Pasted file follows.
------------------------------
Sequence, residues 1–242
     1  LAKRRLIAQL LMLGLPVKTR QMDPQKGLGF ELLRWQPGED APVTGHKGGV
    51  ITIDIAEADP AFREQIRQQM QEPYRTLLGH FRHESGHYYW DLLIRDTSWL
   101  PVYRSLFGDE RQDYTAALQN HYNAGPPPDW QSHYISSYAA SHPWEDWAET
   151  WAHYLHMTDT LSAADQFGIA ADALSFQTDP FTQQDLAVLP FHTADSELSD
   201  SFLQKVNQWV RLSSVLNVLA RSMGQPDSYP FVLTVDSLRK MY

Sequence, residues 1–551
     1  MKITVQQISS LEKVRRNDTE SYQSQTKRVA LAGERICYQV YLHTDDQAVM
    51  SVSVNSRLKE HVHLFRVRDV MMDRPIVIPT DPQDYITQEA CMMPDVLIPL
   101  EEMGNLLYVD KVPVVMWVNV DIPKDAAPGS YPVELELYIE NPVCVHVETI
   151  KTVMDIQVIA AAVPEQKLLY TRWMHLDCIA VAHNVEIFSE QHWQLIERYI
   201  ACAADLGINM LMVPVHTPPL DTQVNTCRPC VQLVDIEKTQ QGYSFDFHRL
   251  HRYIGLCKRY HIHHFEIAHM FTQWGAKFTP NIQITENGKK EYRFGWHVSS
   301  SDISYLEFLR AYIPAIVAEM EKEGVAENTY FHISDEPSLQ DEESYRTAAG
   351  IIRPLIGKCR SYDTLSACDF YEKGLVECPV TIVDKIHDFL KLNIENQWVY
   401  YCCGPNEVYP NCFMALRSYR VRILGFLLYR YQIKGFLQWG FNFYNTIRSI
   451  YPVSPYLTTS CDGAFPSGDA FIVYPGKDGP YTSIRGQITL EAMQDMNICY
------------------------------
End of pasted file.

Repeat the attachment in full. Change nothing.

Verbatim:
Sequence, residues 1–242
     1  LAKRRLIAQL LMLGLPVKTR QMDPQKGLGF ELLRWQPGED APVTGHKGGV
    51  ITIDIAEADP AFREQIRQQM QEPYRTLLGH FRHESGHYYW DLLIRDTSWL
   101  PVYRSLFGDE RQDYTAALQN HYNAGPPPDW QSHYISSYAA SHPWEDWAET
   151  WAHYLHMTDT LSAADQFGIA ADALSFQTDP FTQQDLAVLP FHTADSELSD
   201  SFLQKVNQWV RLSSVLNVLA RSMGQPDSYP FVLTVDSLRK MY

Sequence, residues 1–551
     1  MKITVQQISS LEKVRRNDTE SYQSQTKRVA LAGERICYQV YLHTDDQAVM
    51  SVSVNSRLKE HVHLFRVRDV MMDRPIVIPT DPQDYITQEA CMMPDVLIPL
   101  EEMGNLLYVD KVPVVMWVNV DIPKDAAPGS YPVELELYIE NPVCVHVETI
   151  KTVMDIQVIA AAVPEQKLLY TRWMHLDCIA VAHNVEIFSE QHWQLIERYI
   201  ACAADLGINM LMVPVHTPPL DTQVNTCRPC VQLVDIEKTQ QGYSFDFHRL
   251  HRYIGLCKRY HIHHFEIAHM FTQWGAKFTP NIQITENGKK EYRFGWHVSS
   301  SDISYLEFLR AYIPAIVAEM EKEGVAENTY FHISDEPSLQ DEESYRTAAG
   351  IIRPLIGKCR SYDTLSACDF YEKGLVECPV TIVDKIHDFL KLNIENQWVY
   401  YCCGPNEVYP NCFMALRSYR VRILGFLLYR YQIKGFLQWG FNFYNTIRSI
   451  YPVSPYLTTS CDGAFPSGDA FIVYPGKDGP YTSIRGQITL EAMQDMNICY